House of Commons, 17 February 1870, Canadian Confederation with Prince Edward Island

32 COMMONS DEBATES February 17, 1870
[Hon. Mr. Galt]- He could not congratulate the House upon progress of Confederation. It was time it was carried, but from expressions he had heard from members of this House he was forced to conclude that the Province was not satisfied. The policy of the Government with reference to the Intercolonial Railway had already been fully discussed and he did not intend to say anything further than that he should have been glad to have seen the policy with reference to the construction of that road materially altered. He thought a policy of economy should have been pursued. The policy which had been adopted in the construction of the Intercolonial Railway has given us the management of several hundred miles of railway—an arrangement that could not be carried on as well under Government control as by private parties, and it involved responsibilities which it would have been better not to assume. He was convinced that the expenditure upon this railway would itself form a serious burden upon the resources of the country. He regretted to observe that the policy which had been pursued with reference to Newfoundland and Prince Edward Island had borne results worse than barren. They had received a more decided negative from Newfoundland as regards Confederation. And this House stood in the awkward position of having legislated with regard to terms to be offered to Prince Edward Island, which terms had been rejected entirely. With regard to the North-West question he was sorry to arrive at the same conclusion. An avowed resistance had been given to attempts to incorporate that Territory into the Dominion. Who was responsible for that state of things he would not pretend to say until all the correspondence and other papers connected with the matter had been laid before the House. When he looked from one end to the other of the Dominion he must pronounce the administration of the hon. member for Kingston a failure as regards the important measure entrusted to him, (hear, hear). He would further say that if there had been one thing that had saved Confederation from public disapproval, it was not what had been done by the Dominion Government but the efficient management which had characterized the Local Governments of Quebec and Ontario—eminently the populous and wealthy Province of Ontario, and these Provinces could be appealed to as a proof of the satisfactory manner in which local powers had been administered. The Speech of the Governor General was a serious disappointment to him. There was but one source of congratulation in that Speech—it was thankfulness for the bountiful harvests; there was no hope held out that there would be a reconciliation of difficulties with that Province, and there is nothing to make us hope that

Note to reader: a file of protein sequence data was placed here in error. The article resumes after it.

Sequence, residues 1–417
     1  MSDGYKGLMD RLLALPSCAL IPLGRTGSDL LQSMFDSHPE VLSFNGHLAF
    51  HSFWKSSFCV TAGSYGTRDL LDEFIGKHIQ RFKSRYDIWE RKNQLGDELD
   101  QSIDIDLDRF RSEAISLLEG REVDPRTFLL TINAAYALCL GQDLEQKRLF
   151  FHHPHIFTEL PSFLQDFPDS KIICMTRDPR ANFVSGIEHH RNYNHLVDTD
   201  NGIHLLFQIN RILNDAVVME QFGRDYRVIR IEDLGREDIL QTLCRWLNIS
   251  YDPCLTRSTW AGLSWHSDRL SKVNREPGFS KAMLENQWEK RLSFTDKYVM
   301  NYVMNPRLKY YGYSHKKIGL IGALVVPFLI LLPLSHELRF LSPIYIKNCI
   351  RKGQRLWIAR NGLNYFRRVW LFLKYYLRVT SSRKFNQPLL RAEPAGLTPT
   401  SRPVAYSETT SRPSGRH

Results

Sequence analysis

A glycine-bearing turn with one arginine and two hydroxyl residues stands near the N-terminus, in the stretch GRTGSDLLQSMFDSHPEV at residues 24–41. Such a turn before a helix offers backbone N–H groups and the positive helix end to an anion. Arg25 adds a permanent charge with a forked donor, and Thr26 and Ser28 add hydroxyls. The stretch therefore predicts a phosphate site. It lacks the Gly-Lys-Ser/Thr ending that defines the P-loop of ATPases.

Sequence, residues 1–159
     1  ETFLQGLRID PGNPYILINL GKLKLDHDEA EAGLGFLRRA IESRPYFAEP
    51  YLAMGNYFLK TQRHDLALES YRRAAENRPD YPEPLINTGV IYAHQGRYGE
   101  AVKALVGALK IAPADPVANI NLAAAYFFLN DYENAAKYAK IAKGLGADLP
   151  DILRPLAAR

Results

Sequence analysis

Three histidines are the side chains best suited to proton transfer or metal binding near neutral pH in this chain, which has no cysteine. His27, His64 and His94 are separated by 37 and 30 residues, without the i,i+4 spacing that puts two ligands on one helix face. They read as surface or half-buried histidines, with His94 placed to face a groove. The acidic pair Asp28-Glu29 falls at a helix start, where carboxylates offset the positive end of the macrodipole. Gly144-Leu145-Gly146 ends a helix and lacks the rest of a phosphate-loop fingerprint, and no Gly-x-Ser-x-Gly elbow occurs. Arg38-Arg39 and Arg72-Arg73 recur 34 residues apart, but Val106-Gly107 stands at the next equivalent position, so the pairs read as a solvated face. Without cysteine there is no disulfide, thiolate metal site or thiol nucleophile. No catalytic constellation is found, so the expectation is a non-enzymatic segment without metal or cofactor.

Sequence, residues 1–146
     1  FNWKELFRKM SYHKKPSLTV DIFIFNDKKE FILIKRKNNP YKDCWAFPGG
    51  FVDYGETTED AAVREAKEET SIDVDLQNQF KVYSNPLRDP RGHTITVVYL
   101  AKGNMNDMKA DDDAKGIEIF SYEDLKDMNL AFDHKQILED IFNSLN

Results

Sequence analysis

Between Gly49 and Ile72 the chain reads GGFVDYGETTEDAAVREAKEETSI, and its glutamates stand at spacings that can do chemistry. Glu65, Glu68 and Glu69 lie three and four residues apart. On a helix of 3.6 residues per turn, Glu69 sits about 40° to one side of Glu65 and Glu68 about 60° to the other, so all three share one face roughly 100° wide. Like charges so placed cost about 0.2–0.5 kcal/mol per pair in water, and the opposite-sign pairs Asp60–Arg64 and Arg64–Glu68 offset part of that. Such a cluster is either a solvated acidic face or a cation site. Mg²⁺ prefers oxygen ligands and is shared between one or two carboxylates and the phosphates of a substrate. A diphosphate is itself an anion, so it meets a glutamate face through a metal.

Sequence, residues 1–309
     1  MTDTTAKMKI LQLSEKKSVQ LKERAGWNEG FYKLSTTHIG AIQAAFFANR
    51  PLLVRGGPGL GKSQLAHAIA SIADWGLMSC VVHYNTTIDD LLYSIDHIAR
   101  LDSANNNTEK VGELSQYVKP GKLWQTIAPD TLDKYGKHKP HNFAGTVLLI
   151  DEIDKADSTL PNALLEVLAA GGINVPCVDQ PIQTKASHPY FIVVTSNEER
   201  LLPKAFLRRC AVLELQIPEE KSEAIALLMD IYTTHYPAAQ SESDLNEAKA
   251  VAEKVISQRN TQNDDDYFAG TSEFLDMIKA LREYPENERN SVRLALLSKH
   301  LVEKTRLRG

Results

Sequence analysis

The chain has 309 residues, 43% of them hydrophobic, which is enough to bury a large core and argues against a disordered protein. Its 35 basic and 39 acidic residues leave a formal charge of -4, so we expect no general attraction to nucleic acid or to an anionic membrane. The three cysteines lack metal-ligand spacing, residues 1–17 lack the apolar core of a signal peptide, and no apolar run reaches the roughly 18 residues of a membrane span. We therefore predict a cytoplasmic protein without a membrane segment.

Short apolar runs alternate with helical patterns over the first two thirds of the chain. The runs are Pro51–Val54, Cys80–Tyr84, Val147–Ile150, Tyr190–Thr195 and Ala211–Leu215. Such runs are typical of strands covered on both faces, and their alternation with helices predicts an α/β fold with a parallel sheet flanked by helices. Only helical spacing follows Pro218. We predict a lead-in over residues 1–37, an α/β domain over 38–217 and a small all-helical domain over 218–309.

Canada. House of Commons Debates, 1870. Edited by P.B. Waite. Ottawa: Queen's Printer, 1979. Original scans accessible at: http://parl.canadiana.ca/.



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